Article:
Tony Blair intervened rapidly to rule out VAT on school fees after David Blunkett, his education spokesman, confirmed early yesterday that it was an option being considered alongside the removal of charitable status from private schools.
The Labour leader's move left Mr Blunkett backtracking furiously on lunchtime radio. Charitable status for private schools could well go, he said, but VAT on school fees was no longer "in the frame".
"The shadow Chancellor and the leader of the party think it is helpful to rule out that possibility in order to avoid confusion, and I accept that decision," Mr Blunkett said.
The retraction came after the Conservatives seized on the issue to accuse Labour of "the politics of envy", and after Mr Blair had confirmed in July that the issue of VAT on school fees and private medicine was under consideration by the party's economiccommission.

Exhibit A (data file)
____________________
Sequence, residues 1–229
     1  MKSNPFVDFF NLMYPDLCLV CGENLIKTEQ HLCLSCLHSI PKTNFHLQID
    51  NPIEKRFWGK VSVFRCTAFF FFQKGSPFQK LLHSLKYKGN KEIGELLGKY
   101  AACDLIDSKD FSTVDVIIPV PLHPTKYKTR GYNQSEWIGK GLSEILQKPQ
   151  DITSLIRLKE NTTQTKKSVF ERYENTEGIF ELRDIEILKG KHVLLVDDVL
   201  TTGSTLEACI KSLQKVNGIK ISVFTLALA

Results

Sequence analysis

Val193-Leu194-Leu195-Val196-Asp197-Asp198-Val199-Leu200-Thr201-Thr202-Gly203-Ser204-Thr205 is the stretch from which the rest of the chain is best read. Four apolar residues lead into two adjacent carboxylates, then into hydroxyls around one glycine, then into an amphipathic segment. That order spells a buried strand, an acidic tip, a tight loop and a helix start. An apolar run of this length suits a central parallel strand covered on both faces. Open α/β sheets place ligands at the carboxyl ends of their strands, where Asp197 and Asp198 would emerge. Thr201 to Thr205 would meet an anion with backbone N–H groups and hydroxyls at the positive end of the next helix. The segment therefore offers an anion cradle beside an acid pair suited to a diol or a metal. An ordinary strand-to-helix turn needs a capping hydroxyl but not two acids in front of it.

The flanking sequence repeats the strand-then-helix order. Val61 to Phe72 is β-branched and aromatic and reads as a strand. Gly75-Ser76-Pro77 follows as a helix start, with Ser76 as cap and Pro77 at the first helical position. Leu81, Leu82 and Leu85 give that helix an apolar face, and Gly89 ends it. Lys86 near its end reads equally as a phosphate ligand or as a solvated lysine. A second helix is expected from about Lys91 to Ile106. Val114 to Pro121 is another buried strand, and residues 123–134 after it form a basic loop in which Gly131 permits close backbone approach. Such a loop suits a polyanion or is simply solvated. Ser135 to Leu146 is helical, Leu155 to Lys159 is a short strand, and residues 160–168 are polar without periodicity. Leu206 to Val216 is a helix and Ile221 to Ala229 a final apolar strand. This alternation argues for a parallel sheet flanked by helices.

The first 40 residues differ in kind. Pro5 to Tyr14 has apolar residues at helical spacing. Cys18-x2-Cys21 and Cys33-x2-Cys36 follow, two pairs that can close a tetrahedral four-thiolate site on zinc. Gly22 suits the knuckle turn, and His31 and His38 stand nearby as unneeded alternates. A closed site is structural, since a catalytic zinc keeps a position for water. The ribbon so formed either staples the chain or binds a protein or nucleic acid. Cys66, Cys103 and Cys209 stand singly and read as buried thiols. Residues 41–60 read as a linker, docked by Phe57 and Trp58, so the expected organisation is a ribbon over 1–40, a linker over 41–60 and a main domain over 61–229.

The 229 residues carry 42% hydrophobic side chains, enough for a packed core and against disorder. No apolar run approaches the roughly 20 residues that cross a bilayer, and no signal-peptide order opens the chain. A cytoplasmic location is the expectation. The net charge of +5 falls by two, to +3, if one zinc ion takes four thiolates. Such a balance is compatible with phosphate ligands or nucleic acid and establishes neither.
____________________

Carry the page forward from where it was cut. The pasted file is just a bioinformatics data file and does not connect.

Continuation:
It emerged, however, that Gordon Brown, the shadow Chancellor, had ruled out VAT on school fees in November in Labour's Budget review. No one, however, had told Mr Blunkett about that until lunchtime yesterday, after stories had erupted in the Sunday papers.
As Margaret Beckett, Labour's health spokesman, likewise dismissed the possibility of VAT on private health care, the party found itself rowing publicly over reports that its stance against nuclear power may be overturned. Martin O'Neill, energy spokesman, told The World This Weekend that with the energy situation substantially changed, "down the line, nuclear is a possibility, but a fairly remote one".
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